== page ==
Interviewing our FailQonf Speaker James Bach | Failure Stories, Mentoring, Reading
Each of our FailQonf Speakers has years of experience behind them and a crazy amount of knowledge acquired over those years. It would be bad on our part if we restrict their stories to only their FailQonf sessions. We are as eager as you all to know them and their journey better, and hence this Interview Series.
We had a few questions in mind which we wished to get answers from all of them, and there were questions we designed based on the little research we did on their work and life. We so enjoyed the process and now as we have the answers with us, we are enjoying it even more. We are sure you will enjoy this interview too.
In this interview, I (Aakruti Shukla) took the opportunity to ask our FailQonf Speaker James Bach a few questions about Failures, Lessons learned, and a part of their amazing work in the Industry. We thank James Bach for their time to answer these, and for sharing a part of their life with us.
About James Bach: James is a founder of the Context-Driven school of testing. He created and teaches the Rapid Software Testing methodology, and has written two books: Lessons Learned in Software Testing (with Cem Kaner and Bret Pettichord) and a book about succeeding without going to a school, called Secrets of a Buccaneer-Scholar.
Aakruti: You recently completed 34 Years in Testing, from your experience what are the top 3-5 weaknesses of Testers which still exist?
- Poor grasp of the science behind testing
- Lack of assertiveness and too much willingness to do bad work
- Inability to explain testing to non-testers
- Not understanding their own testing process
Aakruti: If you had to start your Testing career today, what would you do differently compared to most of the Testers starting their Career?
James: I imagine I would do the same thing I did when I started my career 34 years ago—
Read every book on testing and then re-think and re-invent testing for myself.
Aakruti: How would you suggest the Testers to find their Mentor(s) today? Rather than where to find, what should be the process to identify the right mentor?
James: Read blogs and watch videos. Attend conferences. Contact the people who inspire you. Some of them will respond.
Aakruti: Have there been any failures that made your professional life better? Any lessons learned from the same.
James: There have been many. Here’s one: I failed to get a job as a “computer operator” at a local insurance office in Chico, CA. I never found out why. It was painful because I really needed the money.
Anyway, two weeks later I got hired at Apple Computer, which was my dream job.
Here’s the lesson:
Hiring is a personal matter. Never obsess about why one employer doesn’t want you. Just move on to the one who does.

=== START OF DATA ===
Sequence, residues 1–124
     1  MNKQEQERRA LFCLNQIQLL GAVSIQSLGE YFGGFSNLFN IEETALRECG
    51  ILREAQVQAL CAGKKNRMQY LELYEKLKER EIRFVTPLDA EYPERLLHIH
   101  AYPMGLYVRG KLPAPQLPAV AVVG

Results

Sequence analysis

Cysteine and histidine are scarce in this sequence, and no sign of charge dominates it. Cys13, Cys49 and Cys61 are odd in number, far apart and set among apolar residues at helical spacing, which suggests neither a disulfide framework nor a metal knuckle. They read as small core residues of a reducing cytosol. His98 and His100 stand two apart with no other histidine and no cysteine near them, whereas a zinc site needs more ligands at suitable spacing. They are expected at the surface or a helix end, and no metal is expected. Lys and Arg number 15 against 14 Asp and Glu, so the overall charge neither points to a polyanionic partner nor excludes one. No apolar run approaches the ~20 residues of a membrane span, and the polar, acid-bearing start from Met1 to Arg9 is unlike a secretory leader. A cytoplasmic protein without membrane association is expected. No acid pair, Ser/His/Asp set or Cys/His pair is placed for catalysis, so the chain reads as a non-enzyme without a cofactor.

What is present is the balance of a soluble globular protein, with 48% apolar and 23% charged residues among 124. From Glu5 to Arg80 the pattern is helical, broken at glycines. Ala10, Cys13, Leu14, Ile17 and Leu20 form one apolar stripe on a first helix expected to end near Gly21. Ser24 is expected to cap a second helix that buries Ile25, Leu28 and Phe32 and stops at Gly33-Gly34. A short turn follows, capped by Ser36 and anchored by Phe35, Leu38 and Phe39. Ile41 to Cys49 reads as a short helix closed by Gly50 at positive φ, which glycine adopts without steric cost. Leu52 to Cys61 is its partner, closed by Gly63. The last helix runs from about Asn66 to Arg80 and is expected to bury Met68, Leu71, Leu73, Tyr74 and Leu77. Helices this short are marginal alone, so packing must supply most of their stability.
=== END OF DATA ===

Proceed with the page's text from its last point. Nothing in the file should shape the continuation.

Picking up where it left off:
Aakruti: Any experience you would want to share wherein you learned from someone’s failure and based on that lesson you actually avoided a similar failure at work?
James: Sure. Throughout my career, I have seen people who wrote loads of useless test cases and piles of bad test documentation. Because they’ve already tried that, I never felt that I needed to do it myself.
Aakruti: You are a vivid Book Reader, what different methods would you suggest for reading quickly yet getting the most out of the reading?
James: Learn to scout a book: skim it quickly and summarize it to get a sense of what’s in it. I practiced doing this with my brother and made a video about it called “competitive swashbooking.” I think it’s still on Youtube.
When I read a book deeply, I read slowly. But the scouting process is fast.
Aakruti: What is the most interesting failure you have experienced, which kicked hard, but once you learned from it you achieved the double of what was expected in the next attempts?
James: I’ve been married twice.
My first marriage lasted five years. When it ended I decided to learn and improve from that experience so that my next marriage would last longer. The key lesson I gleaned is that my wife had been afraid to tell me her feelings because she was worried I would stop loving her. I realized that my dominating personality was actually leading me to have less control and security than if I made sure to listen and support what she wanted.
A year later, I met someone new, got married again, and this month will be our 30th anniversary. That is SIX times the duration of my first try at matehood. So, that’s pretty good.
We hope you enjoyed reading this amazing interview. Let us know your thoughts in the Comments section.
We can guarantee that you are going to enjoy FailQonf even more. Have yourself enrolled here if you have not done it so far. Please note there is a Free Pass option for the ones who cannot afford the Paid one in these difficult times. See you there.
About the Host:
Aakruti is working with Xoriant, Pune as Senior Test Engineer. She loves testing and had avoided many other paths that came across her career and chose to be a Tester, happily and proudly.
She likes to explore and experiment with new concepts, ideas, and thoughts, which can help in performing the tasks more efficiently and bring more quality to the product.